Fringe 2017 – – Mad Fantastic Maid of God: Joan of Arc: Review by GRAHAM HICKS  3.5 of 5 stars

Mad Fantastic Maid of God: Joan of Arc

Venue 36, “L’unitheatre at La Cite Francophone,
8627 91 St. (Rue Marie Anne Gaboury)

Thurs. Aug. 17 – 8 p.m.
Fri. Aug. 18 – 5 p.m.
Sat. Aug. 19 – 7 p.m.
Mon. Aug. 21 – 7:15 p.m.
Tues. Aug 22 – 6:15 p.m.
Wed. Aug. 23 – 3:45 p.m.
Fri. Aug. 25 – 2 p.m.
Sun. Aug. 27 – 4.45 p.m.

3.5 of 5 stars

THEATrePUBLIC/Polema Productions

Duration 55 minutes

Not a bad show from prolific Edmonton playwright/director Ken Brown, who often writes new plays premiered at the Fringe and had consequently developed a strong and loyal following. 

But Mad Fantastic is not a Ken Brown classic, not like Life After Hockey or the Spiral Dive Trilogy, not by any means.

The idea is a strong one – a narrative/meditation of the life of historical/Christian legend Joan of Arc, who as a teenager in the 15th century, inspired by saintly visions, led the French army to victories against the English invaders before being captured and burned at the stake by English allies in collusion with her many enemies. 

Joan is played by rising Edmonton actor Melissa Leanne Blackwood, who has had strong roles at the Citadel Theatre of late. Ellie Heath plays the wise-cracking commentator, plus a host of other characters. 

One is never quite sure, and neither are the actors, of the play’s point of view.  Or perhaps the problem is Brown is trying to reflect all points of view – Joan of Arc as a misguided farm girl, a visionary, guided by talking saints, driven by misguided ego … or simply mad?  Consequently Blackwood spends most of her time as Joan howling at the wind and the fates. Ultimately it’s a passionate, but one-dimensional portrait of one of the first heroines of medieval Europe.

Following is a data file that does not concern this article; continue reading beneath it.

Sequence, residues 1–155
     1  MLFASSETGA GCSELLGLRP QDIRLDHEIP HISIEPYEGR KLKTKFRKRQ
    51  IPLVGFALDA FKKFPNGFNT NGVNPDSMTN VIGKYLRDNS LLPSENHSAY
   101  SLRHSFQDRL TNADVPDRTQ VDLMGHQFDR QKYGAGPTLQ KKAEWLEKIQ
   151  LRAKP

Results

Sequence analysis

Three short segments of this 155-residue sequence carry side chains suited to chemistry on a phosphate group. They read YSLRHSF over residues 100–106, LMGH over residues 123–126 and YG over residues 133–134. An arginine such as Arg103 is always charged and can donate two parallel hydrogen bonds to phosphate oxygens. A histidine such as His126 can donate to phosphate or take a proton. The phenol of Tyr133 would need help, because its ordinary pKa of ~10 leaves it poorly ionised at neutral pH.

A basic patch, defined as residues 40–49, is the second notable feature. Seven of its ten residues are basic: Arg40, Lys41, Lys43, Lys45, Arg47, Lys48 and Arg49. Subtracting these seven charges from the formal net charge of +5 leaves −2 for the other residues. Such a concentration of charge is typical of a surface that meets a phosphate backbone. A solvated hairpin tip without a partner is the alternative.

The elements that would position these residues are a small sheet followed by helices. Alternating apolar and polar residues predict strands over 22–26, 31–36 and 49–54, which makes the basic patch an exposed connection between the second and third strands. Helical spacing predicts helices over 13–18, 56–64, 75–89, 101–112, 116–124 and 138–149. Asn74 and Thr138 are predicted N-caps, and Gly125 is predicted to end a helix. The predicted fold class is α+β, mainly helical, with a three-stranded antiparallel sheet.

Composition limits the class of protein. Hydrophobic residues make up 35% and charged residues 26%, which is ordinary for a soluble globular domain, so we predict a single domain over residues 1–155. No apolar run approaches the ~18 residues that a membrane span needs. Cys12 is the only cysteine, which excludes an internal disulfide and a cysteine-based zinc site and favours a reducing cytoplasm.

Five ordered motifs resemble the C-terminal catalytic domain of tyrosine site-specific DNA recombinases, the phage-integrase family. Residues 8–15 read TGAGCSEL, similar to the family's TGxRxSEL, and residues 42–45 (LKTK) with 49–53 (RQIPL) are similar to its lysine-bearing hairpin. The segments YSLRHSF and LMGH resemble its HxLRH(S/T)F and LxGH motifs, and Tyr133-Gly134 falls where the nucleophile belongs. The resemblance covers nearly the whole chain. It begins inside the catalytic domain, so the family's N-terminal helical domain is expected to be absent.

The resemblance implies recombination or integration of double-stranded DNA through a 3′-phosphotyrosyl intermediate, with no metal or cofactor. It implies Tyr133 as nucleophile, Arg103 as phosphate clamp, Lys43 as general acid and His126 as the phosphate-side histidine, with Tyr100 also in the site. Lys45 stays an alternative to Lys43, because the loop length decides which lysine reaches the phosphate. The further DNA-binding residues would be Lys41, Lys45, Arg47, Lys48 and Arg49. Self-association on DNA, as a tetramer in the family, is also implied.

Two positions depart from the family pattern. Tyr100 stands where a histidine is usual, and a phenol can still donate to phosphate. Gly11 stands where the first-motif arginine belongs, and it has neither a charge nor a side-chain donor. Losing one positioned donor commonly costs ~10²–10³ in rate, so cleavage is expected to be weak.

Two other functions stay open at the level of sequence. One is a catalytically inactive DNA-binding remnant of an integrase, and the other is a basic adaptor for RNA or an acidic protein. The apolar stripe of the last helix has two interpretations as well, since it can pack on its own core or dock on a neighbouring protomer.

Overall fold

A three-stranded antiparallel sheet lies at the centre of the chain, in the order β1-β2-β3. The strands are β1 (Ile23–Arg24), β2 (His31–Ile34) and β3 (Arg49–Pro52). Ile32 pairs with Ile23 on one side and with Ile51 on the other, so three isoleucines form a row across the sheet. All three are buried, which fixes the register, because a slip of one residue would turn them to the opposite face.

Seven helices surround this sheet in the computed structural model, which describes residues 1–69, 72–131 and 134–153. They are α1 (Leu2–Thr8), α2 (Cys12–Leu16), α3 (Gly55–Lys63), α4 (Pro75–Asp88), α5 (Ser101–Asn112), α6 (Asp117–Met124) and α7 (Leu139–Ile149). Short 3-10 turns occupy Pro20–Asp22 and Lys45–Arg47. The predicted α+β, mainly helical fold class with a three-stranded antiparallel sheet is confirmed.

More difficult was Heath as a very modern, cheerfully sardonic 21st Century commentator – starting off pre-show up n a balcony, off-handedly jesting with the audience. It's an interesting theatrical tool on Brown’s part – to insert a modern observer on the scene 600 years ago – but it ended up being often garish and annoying; Heath as commentator/character was continually playing to the audience with wink-winks, raised eyebrows, and skeptical tones of voice. 

Mad Fantastic Maid of God might have been far more effective is Brown had been content to let the story tell itself,  instead of cluttering it up with all the embellishments and points of view and having Joan keep pounding the same anguished narrative nails over and over.

Still, it was an interesting hour of good theatre. Brown is a fearless writer, continually challenging himself with a diversity of subjects and styles, almost always combining pathos and entertainment.  You follow him every year at the Fringe because, no matter what, he’ll offer up a theatrical package that’s intriguing and mentally stimulating.